Cellphones: Preserving a tool, combating a threat

In less than a generation, mobile communications have evolved from a luxury item to an essential element of everyday life. With nearly 7 billion devices in use, mobile communications are nearly ubiquitous, impacting the way we work and live throughout the world every day. As the use of mobile cellular communications continues to expand rapidly, the federal government and Maryland must continue to keep pace with emerging technologies and enact policies that better enable legitimate use of cellphones, while preventing their illegal use.

Businesses and individuals are using mobile communications to improve efficiency and get results even in some of the most remote places on Earth. In fact, a wireless network that was deployed last year in Alaska recently saved the lives of two fishermen stranded on a reef in a remote area on Yakutat Bay. While many people in urban areas take their cellular coverage for granted, for those in more out-of-the-way places, connectivity can be a matter of life and death.

Mobility communications have become far more than a business or personal tool. In many places today, mobile networks are helping to shape world events. At a pivotal point in the Arab Spring fight for liberation from Moammar Gadhafi, the dictator attempted to disable rebel communications by disconnecting the fiber that supported a large area of Libya. As a result, rebels were forced to use signal flags to communicate on the battlefield. However, within 72 hours, nearly 1 million users were brought back on line thanks to a transportable mobile network the size of a suitcase that was brought into the country.

The proliferation of mobile devices is fueled by the fundamental human need to communicate. And while serving this need on a global scale is critical to our economic recovery, in some cases it's essential that communication be captured or curtailed. Reports indicate that more than 1,300 contraband cellphones were found last fiscal year inside Maryland correctional facilities. More recently, according to federal indictments, a gang leader in Maryland was able to set up a lucrative smuggling operation from the Baltimore jail. He allegedly use multiple contraband cellphones to provide orders to subordinates and receive payments directly to his device while incarcerated. A total of 25 people were charged in the case, including 13 correctional officers.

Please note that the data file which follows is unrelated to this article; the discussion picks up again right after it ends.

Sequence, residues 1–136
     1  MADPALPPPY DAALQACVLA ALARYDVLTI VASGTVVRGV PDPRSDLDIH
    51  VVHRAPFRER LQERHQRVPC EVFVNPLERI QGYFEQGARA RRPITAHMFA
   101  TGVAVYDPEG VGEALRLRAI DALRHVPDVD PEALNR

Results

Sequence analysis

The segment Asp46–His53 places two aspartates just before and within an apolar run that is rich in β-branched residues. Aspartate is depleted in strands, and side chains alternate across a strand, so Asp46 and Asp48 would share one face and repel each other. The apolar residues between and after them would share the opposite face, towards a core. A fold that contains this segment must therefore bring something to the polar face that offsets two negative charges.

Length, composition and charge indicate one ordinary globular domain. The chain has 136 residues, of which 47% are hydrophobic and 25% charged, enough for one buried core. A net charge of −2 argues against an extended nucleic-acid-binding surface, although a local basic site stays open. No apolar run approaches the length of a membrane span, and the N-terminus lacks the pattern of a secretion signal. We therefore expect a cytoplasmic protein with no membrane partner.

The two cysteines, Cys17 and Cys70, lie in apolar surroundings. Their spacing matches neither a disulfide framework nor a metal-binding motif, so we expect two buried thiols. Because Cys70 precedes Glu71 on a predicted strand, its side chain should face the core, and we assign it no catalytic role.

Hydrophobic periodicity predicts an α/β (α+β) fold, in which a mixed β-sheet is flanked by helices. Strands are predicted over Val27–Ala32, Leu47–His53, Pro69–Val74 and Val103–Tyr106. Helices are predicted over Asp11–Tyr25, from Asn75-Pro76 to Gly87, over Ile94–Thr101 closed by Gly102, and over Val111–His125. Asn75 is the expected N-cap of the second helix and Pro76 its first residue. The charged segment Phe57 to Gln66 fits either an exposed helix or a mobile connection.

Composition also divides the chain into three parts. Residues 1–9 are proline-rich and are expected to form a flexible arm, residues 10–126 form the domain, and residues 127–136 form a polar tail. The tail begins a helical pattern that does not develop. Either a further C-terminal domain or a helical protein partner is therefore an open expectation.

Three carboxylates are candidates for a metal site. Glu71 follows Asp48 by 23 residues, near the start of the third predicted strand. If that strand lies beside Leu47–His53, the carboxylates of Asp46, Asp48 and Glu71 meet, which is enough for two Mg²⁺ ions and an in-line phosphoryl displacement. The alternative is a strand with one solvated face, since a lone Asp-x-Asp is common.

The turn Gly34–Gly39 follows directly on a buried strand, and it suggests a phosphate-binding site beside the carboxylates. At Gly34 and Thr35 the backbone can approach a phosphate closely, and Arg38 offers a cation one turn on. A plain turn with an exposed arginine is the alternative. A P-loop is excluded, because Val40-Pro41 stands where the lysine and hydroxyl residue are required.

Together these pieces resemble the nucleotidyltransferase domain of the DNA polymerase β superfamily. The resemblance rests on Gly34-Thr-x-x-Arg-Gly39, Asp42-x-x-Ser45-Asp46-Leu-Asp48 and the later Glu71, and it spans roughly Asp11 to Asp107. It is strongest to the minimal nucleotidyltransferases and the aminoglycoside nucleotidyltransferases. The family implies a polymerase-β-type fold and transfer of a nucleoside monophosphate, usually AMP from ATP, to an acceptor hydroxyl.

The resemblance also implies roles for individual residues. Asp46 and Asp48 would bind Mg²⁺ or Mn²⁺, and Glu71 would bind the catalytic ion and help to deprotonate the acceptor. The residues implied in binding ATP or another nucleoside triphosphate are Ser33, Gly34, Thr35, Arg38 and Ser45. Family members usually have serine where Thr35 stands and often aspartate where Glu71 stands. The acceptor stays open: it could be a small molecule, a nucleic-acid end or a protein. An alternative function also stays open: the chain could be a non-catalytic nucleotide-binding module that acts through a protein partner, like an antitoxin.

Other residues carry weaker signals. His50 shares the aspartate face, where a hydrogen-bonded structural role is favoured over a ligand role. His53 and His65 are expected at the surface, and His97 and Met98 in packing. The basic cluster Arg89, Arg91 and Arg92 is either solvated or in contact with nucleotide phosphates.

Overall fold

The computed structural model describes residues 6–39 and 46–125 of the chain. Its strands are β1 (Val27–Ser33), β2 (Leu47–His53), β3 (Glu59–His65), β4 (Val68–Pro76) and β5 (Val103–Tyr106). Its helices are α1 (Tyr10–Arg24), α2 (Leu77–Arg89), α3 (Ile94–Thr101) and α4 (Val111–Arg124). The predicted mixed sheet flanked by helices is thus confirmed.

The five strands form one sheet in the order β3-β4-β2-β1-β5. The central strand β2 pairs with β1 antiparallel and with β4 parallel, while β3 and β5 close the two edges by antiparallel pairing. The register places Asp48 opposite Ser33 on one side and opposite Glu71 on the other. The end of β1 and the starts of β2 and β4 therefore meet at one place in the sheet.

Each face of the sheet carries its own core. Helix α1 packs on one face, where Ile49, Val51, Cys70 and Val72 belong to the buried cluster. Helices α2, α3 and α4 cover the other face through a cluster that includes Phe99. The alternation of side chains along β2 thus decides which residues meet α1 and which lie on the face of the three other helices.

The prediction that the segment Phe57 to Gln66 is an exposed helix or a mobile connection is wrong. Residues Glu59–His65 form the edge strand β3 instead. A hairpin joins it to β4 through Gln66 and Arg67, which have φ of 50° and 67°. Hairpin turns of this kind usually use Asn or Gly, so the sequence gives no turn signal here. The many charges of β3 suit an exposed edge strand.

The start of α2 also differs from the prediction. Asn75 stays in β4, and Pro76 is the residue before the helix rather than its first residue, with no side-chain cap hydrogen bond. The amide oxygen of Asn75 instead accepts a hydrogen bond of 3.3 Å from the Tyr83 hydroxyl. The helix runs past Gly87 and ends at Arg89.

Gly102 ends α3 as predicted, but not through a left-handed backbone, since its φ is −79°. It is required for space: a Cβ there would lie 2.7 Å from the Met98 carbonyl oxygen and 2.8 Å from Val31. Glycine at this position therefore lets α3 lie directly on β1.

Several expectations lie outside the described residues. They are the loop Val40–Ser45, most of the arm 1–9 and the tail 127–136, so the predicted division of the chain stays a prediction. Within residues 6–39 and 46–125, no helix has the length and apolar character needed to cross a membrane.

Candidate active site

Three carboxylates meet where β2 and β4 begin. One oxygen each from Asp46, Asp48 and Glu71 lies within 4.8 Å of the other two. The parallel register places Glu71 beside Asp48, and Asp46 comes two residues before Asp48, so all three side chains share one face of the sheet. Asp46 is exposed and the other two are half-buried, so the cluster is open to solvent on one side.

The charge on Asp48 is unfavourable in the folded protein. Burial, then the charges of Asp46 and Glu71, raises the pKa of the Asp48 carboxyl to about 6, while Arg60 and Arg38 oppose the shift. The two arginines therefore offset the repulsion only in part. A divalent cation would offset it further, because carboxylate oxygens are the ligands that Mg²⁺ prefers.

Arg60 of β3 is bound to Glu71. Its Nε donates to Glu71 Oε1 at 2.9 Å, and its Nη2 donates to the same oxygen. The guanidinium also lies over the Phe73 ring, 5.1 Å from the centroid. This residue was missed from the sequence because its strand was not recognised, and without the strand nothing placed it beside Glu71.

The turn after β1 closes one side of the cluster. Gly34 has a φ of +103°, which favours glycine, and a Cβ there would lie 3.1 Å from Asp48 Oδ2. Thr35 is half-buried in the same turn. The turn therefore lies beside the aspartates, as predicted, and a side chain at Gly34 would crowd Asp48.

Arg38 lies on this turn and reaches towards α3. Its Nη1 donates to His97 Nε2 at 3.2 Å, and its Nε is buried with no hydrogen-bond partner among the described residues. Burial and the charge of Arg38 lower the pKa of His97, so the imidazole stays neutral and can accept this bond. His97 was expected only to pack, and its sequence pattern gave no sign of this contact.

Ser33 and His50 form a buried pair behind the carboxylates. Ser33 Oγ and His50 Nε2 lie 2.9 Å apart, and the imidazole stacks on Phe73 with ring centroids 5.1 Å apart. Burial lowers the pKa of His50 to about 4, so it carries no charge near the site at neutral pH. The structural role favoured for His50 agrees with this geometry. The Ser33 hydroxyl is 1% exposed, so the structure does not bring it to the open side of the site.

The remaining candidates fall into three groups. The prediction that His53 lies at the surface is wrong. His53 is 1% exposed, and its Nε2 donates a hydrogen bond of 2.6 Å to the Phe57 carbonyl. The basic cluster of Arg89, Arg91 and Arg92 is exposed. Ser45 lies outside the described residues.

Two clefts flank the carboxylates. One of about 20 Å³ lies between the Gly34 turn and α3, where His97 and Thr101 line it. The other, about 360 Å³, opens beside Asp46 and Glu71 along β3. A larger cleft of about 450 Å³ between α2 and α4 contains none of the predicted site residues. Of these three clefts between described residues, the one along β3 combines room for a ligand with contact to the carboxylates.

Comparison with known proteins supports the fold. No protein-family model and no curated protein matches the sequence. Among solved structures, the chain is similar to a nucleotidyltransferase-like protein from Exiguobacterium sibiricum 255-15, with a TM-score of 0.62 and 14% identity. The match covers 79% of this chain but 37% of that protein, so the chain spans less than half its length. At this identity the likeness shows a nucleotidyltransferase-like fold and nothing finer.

This story is just one reminder that the use of contraband cellphones remains one of the most serious threats facing prisons in Maryland and across the nation. Through a program our company launched in Mississippi, over 3.5 million unauthorized calls have been prevented since the managed access system was deployed in 2010. This program has eliminated countless criminal conspiracies and threats to the community, and under our contract with Maryland — limited so far to one facility — the state is already seeing significant benefits. The Federal Communications Commission recently announced a Notice of Proposed Rulemaking recognizing the need to better enable sophisticated managed access solutions in prisons. This is both timely and welcome, as contraband cellphone use is not just a state and local issue but a national one.

Deploying managed access capabilities to prisons today is not without challenges. There is a considerable amount of regulatory red tape that must be overcome in order to sublease the needed licenses and comply with a host of other requirements. While it is very important to make sure that this solution does not affect citizens' legitimate use of their mobile phones, given the severity of the threat and the evolution of the technology, it makes good sense to streamline this process.

Maryland is on the right track in leading the nation in the deployment of "smart" networks within correctional facilities in densely populated urban areas and should expand the program statewide. Likewise, the FCC is right to consider cutting red tape to better facilitate the implementation of managed access solutions in prisons in the United States to improve public safety — without preventing a single legitimate call.

Ken North is vice president of Hanover-based Tecore Networks, an industry leader in design and deployment of scalable wireless infrastructure. His email is knorth@tecore.com.

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